Alexander Kasumov, Executive Director of Access to Information Programme

The Access to Information Programme presented the book Litigation Under the Access to Public Information Act (2013 - 2023) at a conference held on March 14, 2024 in Sofia.


The book (full text in Bulgarian) contains an overview and analysis of the practice of the Bulgarian Supreme Administrative Court and the administrative courts under the Access to Public Information Act (APIA) over the last 10 years. We hope it will be useful in the daily work of administrative judges, lawyers, legal advisers, prosecutors, researchers, lecturers and students, representatives of non-governmental organizations, journalists and public figures who use the APIA in their work.


The book is published in the frames of the 10 Years Court Practice under Access to Public Information Act supported by a grant from The Netherlands Embassy at Sofia, Bulgaria

The Access to Information Program (AIP) has already published five books on the legal practice under the APIA. The first of them was issued in 2002,[1] and the last - in 2012,[2] covering a period of 10 years in total. In this period, the legal practice under the APIA was formed and developed in a relatively dynamic manner. In the first part of this period, until 2006, an interpretation was given of APIA provisions, related to core issues, such as the range of obliged bodies, the scope of the definition of public information, the approach towards each of the restrictions. Amendments to the APIA as of 2008[3] are also a significant factor. They introduced a wider scope of obliged bodies, the legal institute of the overriding public interest, at whose presence the restrictions could not be applied. 2008 APIA amendments narrowed the scope of the trade secret, provided for more detailed obligations of public bodies for active publication of information on the Internet, etc.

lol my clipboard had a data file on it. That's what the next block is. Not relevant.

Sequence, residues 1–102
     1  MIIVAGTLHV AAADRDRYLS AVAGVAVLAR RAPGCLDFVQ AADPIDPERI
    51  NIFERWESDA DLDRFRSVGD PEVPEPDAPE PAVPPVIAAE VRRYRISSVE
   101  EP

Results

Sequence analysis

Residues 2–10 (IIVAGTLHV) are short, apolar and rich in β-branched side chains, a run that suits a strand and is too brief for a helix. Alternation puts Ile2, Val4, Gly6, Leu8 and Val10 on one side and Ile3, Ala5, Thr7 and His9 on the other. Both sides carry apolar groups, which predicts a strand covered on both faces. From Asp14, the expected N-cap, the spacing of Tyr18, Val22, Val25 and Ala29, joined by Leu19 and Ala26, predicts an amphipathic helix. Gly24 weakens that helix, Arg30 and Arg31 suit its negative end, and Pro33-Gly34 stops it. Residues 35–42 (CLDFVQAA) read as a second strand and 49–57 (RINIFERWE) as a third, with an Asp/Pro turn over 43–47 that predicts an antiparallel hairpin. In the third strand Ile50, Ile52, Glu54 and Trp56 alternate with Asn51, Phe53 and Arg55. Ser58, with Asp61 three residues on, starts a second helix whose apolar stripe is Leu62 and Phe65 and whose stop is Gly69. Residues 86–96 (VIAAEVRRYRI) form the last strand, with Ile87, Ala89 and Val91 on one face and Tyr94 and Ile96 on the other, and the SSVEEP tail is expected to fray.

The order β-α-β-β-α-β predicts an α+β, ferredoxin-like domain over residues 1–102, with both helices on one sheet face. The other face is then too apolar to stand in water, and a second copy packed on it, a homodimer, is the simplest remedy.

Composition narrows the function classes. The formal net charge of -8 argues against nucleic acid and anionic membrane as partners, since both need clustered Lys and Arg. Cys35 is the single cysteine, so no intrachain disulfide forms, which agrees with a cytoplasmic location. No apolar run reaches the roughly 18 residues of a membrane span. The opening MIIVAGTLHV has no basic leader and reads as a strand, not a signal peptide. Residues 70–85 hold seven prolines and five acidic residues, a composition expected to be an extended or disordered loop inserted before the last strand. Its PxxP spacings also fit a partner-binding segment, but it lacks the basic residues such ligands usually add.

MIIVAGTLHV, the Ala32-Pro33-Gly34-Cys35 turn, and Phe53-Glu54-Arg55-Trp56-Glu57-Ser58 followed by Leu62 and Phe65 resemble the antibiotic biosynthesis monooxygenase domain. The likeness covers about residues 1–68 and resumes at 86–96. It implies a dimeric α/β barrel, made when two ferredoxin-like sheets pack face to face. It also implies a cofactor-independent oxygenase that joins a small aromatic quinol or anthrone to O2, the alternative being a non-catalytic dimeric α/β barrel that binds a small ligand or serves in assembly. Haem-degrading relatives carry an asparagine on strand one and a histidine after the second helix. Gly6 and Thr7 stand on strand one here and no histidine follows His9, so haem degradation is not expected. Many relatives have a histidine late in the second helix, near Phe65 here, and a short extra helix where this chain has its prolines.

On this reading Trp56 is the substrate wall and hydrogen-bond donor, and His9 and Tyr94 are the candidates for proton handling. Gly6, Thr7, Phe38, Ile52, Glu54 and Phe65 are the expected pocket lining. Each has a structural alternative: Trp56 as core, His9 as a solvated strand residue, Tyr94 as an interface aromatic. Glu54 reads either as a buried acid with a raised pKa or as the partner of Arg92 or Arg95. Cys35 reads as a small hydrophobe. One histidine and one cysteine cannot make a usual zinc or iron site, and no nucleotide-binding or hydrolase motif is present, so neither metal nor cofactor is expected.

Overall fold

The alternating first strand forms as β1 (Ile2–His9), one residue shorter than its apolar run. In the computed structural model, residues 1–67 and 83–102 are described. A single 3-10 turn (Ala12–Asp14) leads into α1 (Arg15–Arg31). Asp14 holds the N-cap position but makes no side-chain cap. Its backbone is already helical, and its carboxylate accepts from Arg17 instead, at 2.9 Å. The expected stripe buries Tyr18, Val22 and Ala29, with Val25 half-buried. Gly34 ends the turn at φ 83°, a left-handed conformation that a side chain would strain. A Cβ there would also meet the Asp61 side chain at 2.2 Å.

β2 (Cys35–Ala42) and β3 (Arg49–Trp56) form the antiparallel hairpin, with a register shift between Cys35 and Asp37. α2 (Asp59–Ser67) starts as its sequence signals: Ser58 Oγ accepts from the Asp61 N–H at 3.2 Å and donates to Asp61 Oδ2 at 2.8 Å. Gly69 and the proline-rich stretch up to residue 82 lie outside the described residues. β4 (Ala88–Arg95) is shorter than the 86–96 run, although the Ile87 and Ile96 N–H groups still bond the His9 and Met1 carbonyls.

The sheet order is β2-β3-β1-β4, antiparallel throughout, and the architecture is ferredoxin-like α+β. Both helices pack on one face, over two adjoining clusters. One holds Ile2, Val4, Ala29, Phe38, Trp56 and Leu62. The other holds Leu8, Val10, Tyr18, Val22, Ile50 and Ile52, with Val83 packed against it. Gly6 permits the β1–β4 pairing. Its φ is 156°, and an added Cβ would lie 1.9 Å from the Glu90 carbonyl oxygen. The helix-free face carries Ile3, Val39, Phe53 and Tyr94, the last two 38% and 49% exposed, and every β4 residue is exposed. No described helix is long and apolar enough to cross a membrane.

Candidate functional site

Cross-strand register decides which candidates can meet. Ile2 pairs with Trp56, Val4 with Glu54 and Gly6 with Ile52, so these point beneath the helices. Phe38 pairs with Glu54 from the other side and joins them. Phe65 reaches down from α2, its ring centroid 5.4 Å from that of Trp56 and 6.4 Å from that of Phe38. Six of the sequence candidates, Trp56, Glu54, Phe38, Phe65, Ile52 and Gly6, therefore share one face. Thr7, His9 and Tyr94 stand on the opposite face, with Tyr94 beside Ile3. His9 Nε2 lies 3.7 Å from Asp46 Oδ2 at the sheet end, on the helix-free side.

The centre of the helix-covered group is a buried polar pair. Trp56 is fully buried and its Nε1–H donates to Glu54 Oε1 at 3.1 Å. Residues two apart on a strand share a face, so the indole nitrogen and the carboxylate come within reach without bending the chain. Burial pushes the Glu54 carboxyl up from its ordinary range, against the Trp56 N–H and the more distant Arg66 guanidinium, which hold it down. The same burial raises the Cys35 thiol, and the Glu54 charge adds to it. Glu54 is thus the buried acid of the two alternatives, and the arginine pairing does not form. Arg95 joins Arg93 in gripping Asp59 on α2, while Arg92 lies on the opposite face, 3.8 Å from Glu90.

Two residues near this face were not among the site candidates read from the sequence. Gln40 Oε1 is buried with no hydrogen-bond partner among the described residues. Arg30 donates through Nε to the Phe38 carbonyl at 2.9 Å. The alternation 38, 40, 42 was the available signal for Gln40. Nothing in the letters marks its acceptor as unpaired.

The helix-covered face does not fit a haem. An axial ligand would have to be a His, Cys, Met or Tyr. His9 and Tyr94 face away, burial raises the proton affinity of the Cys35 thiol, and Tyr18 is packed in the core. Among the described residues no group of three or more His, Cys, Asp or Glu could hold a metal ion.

The practice of the Bulgarian courts was not isolated from the development of international law. The right of access to public information has undergone significant development over the past quarter of a century. When the Bulgarian APIA was adopted, there were twenty-some national laws on access to information in the world, today there are 140.[4] The interest in sharing the experience of individual countries and legal systems in connection with the administration of justice in such cases was the reason for the organization of the international conference on "Access to Information Litigation" held in Bulgaria in 2002. The result of this global event was the establishment of the International Right to Know Day[5] and the International Freedom of Information Advocates Network.[6] A few years later, within the framework of the Council of Europe, the first international legally binding document in this area was adopted, the Convention on Access to Official Documents.[7] Meanwhile, the practice of the European Court of Human Rights was also developing. After the first decisions of the ECtHR in 2009,[8] in 2016 the Grand Chamber of the Court recognized the right of access to documents held by state institutions that are essential for participation in the public debate as falling within the scope of Article 10 of the ECHR.[9] In the practice of the Court of the European Union and the European Ombudsman, there are important decisions on the application of Regulation (EC) No. 1049/2001 on public access to European Parliament, Council and Commission documents.[10]